The Gospel of Mary and Harry

While we generally do not talk about auto service costs or schedules while I am driving the shuttle, almost anything else can come up. That's the Gospel truth.

Mary was first in, first out near the county line and Rawson Ave. I asked her what she was doing while she waited at home for her car to be serviced.

“House work.”
“Well, you’ll feel better when that’s done.” I said.
“It’s never done.”

Alright then. Moving along ...

“Harry!" I asked, "What are you doing today?”
“I’m finishing up a paper I am giving at a conference in Germany in August.”
“Well,” I said, “isn’t that something. What’s the paper on?”
“My research and further interpretations on the Q narrative in the New Testament.”
“Welcome aboard,” I said, offering my hand, “you’re the first Q researcher I’ve ever met.”

“Q?” Mary asked.
“Yes,” Harry said, “there were different source writers in the Gospels and we believe that the Q writer is the most authentic voice of Jesus coming through any of the Gospels. Matthew and Luke borrowed heavily from Mark and John was on his own.”

Harry is a lifelong professor that retired two years ago. When I asked how retirement was going he said, with a noticeable glee in his voice, that he gets to write all the time now. He translates from old Greek, old German, and some French into English, I suppose.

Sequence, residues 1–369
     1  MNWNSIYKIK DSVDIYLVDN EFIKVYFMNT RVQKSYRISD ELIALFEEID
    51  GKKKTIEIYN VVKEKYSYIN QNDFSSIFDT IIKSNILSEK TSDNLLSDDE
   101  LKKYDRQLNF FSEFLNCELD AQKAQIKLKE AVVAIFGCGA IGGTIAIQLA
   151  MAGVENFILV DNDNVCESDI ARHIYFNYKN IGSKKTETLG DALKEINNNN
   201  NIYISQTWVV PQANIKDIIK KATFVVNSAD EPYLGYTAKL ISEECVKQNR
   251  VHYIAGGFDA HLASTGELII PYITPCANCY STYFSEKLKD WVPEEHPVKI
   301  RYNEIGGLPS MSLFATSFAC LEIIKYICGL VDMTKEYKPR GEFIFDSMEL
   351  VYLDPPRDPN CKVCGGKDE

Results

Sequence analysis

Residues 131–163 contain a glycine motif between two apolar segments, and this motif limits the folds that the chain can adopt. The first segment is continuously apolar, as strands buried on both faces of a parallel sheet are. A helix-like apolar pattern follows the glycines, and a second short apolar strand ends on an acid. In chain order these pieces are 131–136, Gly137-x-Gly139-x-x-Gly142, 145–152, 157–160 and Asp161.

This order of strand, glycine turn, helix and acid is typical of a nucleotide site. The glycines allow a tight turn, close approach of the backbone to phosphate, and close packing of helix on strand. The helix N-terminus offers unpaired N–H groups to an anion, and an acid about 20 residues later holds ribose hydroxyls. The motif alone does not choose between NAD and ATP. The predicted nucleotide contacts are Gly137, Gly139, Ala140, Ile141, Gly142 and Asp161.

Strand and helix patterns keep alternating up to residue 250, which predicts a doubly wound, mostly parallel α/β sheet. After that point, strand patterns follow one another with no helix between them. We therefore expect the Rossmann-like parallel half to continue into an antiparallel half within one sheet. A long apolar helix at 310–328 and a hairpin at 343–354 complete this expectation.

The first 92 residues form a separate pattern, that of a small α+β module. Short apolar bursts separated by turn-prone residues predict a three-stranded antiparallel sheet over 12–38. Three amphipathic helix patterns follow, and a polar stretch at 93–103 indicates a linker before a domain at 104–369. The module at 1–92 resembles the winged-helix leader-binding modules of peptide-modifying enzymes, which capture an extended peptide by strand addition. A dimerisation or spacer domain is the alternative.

Imagine that. Writing all the time. How wonderful for him.

Later in the morning I picked both of them up - this time separately - and took them back to the dealership. Mary told me she wished we’d taken him home first so she could have spent more time asking him questions. Mary also seemed to have a grip on the New Testament.

She did allow that she favors the divinely inspired camp of Bible readers and thinks that Harry’s a skeptic that needs to prove something. I don't know about that.

I, the writer/driver, kind of favor the Buddhist Nagarjuna when he offered all four possibilities. Yes. No. Both yes and no. Neither yes, nor no.

Similarly, Mu, a word used in Japanese Zen, indicates that a quicker way around is to un-ask the question. And that reminds me of my father saying: “You can’t get there from here.”

On we go.


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